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XML Format: Creating Files and Validating Them With XML Formatters

Reading time 6 min
Published Nov 27, 2019
Updated Dec 23, 2019

TL;DR – The XML file format stands for the Extensible Markup Language that is mostly used for information exchange and describing data. XML formatters are tools that help you decide upon the indentation levels, convert to other formats and to beautify XML files.

What is XML format?

It is a markup language that can be modified to match users’ needs by adding and defining building blocks or elements.

The format is similar to HTML, but there are no pre-set codes for it. You can create your own markup symbols to describe the structure of a file. For instance, you do not have to follow specific rules but can make up the symbol system relevant to your data. Here is an example of a simple, beautified XML code:

<?xml version="1.0"?>
<Hiring>
<Applicants>
<FirstName>Susan</FirstName>
<LastName>Morrison</LastName>
<ContactNo>5555555555</ContactNo>
<Email>[email protected]</Email>
<Address>
<City>London</City>
</Address>
</Applicants>
</Hiring>

The XML file format also takes a role in defining, storing, and transferring data in a way that both computers and humans can understand.

Note: since the XML file is a text document file, it can be opened and edited with any text editor on your computer. For example, Notepad++ is a solid option since it lets you structure your files properly.

XML formatters

XML formatters are either online tools or applications available for download. You can upload your XML files and beautify them, meaning that the tool will automatically add indentations based on the logic and structure of your document.

The example of the XML file in the previous section was beautified. Here is how it would look without the XML formatters:

<?xml version="1.0"?>
<Hiring>
<Applicants>
<FirstName>Susan</FirstName>
<LastName>Morrison</LastName>
<ContactNo>5555555555</ContactNo>
<Email>[email protected]</Email>
<Address>
<City>London</City>
</Address>
</Applicants>
</Hiring>

As you can see, the indented version is much more reader-friendly. It is also useful that XML formatters allow you to upload files. After that, you can download validated and beautified versions.

Here are some XML formatters online than you can use:

If you want to download an XML formatter, we recommend the XMLBlueprint. It is free and does not require registration.

How to create XML files?

Let's take a look at this XML file example.

<?xml version="1.0" encoding="UTF-8"?>
<availableshops>
<shops category="clothes">
<name>"Urban Outfitters"</name>
<city>Philadelphia</city>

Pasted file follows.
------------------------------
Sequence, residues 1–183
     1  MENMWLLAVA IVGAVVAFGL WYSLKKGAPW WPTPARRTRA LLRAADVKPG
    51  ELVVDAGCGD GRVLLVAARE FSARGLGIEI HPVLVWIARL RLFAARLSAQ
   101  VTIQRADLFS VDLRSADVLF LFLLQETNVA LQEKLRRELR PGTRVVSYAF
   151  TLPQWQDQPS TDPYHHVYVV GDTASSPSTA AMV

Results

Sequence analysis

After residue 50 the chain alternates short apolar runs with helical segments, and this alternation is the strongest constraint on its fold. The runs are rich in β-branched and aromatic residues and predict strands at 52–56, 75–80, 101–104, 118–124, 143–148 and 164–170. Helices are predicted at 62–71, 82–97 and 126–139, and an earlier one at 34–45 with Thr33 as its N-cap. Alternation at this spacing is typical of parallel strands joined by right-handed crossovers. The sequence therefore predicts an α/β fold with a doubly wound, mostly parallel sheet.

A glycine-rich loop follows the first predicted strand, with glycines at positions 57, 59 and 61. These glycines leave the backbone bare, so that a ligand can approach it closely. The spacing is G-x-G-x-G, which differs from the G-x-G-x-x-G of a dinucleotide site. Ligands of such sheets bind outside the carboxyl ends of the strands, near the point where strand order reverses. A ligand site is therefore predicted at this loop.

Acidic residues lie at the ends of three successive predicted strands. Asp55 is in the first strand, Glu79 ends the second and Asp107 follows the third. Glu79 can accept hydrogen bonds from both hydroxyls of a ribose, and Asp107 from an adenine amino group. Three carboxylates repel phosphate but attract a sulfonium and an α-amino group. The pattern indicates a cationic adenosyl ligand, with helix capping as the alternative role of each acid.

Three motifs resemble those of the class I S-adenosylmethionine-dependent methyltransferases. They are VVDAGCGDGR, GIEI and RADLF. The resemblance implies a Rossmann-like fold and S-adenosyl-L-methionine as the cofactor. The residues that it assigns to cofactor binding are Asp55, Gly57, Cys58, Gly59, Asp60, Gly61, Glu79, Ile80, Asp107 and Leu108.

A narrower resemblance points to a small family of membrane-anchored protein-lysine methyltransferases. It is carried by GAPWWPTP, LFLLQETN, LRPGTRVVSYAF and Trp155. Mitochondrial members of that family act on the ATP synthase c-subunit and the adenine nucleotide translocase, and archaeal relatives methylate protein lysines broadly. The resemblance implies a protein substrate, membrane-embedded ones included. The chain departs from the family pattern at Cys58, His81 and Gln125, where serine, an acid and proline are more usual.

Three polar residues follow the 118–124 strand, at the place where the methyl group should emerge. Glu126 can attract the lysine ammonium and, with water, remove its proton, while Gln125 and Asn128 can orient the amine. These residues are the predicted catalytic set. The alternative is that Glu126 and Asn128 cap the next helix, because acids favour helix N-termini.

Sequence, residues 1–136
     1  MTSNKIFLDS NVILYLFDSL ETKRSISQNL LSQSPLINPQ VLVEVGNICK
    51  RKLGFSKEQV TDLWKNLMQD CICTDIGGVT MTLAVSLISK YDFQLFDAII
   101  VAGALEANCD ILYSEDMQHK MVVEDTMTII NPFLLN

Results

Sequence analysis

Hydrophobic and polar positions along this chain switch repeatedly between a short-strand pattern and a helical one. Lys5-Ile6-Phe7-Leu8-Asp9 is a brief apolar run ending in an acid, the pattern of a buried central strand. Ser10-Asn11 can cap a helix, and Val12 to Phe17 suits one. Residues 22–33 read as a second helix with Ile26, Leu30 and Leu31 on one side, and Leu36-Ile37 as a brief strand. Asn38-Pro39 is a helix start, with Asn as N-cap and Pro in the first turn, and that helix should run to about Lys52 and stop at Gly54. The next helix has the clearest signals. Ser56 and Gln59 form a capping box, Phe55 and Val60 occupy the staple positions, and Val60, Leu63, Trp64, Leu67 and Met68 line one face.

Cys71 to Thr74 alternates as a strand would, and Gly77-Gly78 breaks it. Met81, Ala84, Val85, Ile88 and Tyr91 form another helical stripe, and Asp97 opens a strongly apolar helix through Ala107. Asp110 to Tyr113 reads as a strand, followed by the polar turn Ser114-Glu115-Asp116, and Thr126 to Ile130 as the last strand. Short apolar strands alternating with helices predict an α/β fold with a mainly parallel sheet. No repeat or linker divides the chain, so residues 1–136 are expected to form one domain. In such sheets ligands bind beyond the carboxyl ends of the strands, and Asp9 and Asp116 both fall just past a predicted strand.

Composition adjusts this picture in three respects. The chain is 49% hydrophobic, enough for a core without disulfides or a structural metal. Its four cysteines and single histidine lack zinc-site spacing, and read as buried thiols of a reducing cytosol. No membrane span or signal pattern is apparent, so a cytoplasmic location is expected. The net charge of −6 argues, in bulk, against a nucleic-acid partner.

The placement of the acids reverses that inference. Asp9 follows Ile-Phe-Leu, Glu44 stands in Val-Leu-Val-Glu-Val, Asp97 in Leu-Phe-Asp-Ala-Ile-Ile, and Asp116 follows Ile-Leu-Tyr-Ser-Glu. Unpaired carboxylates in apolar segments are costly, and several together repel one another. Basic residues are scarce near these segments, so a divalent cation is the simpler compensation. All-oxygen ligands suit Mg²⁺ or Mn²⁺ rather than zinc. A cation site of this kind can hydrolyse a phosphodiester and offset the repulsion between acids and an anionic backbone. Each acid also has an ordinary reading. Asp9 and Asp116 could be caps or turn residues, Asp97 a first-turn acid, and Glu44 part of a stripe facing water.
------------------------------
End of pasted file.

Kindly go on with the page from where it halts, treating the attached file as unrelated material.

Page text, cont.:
</shops>
<shops category="food">
<name>7-Eleven</name>
<city>Denver</city>
</shops>
<shops category="make-up">
<name>Sephora</name>
<city>London</city>
</shops>
</availableshops>

XML declaration

The XML declaration is the first line of every XML file. It specifies the XML version and the character encoding used in the document.

How to declare XML: assuming the XML version you're using is 1.0, and character encoding is UTF-8, the declaration would look like this:

<?xml version="1.0" encoding="UTF-8"?>

Note: remember that it always starts and ends it with a question mark.

XML elements

The first element following the declaration is called a root element. It acts as the main tag to the content you're writing. It's a requirement for all XML files.

In the example, <availableshops> is the root element. Sub-elements and attributes (optional) follow the root element in a document.

Note: one of the main rules of the XML format is that the document must contain one root element, containing the rest of the elements.

Here's a little breakdown of each part:

Sub-elements follow the root element. It is the content of XML files. In the example below, you'll see several examples of possible sub-elements:

<name>Product One</name>
<cost>$49.99</cost>
<shipping>$1.50</shipping>

How to write one: start with an opening tag <for example>. Then write your intended text without quotation marks, and close the tag </for example>.

XML attributes define and give information about the elements. They usually come within a name-value pair and can also be used to create new categories. In the example, you'll see product listing as the name, and ABC products as the value.

How to write one: the structure is <name = "value">. Remember that the value should always be written within quotation marks.

To create a new category, simply write code with an additional closing tag for the category at the end:

<product> 
<product listing = "ABC products">
sub-elements
</product listing>
</product>

Rules to remember

  • Always nest the elements properly. Incorrect and inconsistent nesting may cause errors in your XML files. The correct example of nesting is as follows: <b><i>The bold element should go before the italic one</i></b>.
  • Closing tags are necessary for all elements. It means that elements in XML files need to be followed by closing tags </>. Otherwise, they won't work.
  • Codes are case-sensitive. Codes should be written consistently throughout your XML file with no random upper-case or lower-case letters. For example: <name> should be followed with </name> and not </Name>.

XML formatter: useful tips

  • The use of attributes in XML is optional, as they are harder to manage and to change in the future.
  • Create markup symbols that are understandable to other people. This tip is especially important if you work with a group of people.
  • The XML format can be used to manage content in multiple languages.